The Greek word 'Apnoea' means 'Without Breath' which is where the name of the 'condition' called Sleep Apnoea (also spelt 'Apnea' in some countries) is derived from. Therefore, Sleep Apnoea means stopping breathing whilst sleeping! People with Sleep Apnoea stop breathing or struggle to breathe regularly during sleep, and most are unaware of this.
Sleep Apnoea is a medical 'condition' which has only been widely recognised in the UK, yet the latest statistics announced by the European Respiratory Society in 2018 claim that 8 million people in the UK suffer from Obstructive Sleep Apnoea (175 million in Europe and 936 million worldwide). According to the British Lung Foundation, approximately 1 in 30 children are also sufferers of Obstructive Sleep Apnoea, and unfortunately these children get branded with bad behaviour, learning problems and ADHD instead.
It is of major concern that despite the above statistics, at least 80% of people remain undiagnosed and have no suspicion they're even suffering from this. Sleep Apnoea is a serious 'condition' untreated, due to the other medical conditions it exacerbates, causes and is linked to, such as:-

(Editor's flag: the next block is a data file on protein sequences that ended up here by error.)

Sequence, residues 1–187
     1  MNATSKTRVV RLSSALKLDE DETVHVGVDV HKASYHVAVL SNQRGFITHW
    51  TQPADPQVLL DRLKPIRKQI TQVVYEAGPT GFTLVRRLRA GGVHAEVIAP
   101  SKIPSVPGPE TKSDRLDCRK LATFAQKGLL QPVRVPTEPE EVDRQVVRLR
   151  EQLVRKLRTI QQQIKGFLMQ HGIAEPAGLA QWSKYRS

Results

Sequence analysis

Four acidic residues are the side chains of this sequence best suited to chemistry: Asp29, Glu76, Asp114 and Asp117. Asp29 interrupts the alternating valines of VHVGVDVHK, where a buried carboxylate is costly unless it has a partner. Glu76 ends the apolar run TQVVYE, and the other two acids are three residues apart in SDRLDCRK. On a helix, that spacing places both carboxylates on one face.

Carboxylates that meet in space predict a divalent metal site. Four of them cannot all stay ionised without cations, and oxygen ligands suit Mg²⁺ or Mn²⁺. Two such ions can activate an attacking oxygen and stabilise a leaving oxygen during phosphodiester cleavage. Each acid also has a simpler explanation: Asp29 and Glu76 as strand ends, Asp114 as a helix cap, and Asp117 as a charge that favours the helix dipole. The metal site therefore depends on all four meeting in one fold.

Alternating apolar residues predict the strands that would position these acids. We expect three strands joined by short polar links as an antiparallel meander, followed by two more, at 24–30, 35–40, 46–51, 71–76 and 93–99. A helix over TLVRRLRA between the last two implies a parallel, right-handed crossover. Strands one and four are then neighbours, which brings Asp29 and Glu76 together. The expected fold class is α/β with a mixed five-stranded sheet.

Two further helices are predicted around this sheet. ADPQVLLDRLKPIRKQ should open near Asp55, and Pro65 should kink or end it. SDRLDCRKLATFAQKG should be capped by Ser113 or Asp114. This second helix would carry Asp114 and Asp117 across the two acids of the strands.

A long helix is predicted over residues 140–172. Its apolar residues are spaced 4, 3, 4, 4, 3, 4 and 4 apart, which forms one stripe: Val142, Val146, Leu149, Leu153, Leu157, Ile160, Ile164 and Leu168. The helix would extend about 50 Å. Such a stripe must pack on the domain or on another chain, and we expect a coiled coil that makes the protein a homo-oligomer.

Heart Attacks and other Cardiovascular Disorders
High Blood Pressure
Type 2 Diabetes
Driving Accidents (through sleep deprivation)
Anxiety and Depression
Brain Confusion + Memory Problems
Chronic Fatigue Syndrome (CFS)
Dementia, particularly Alzheimers
Floppy Eyelid Syndrome (FES)
Erectile Dysfunction Syndrome
Heartburn and Gastrointestinal Reflux
Vitamin D and/or B12 Deficiency
(New research is being undertaken constantly and many more links to other medical conditions are possible)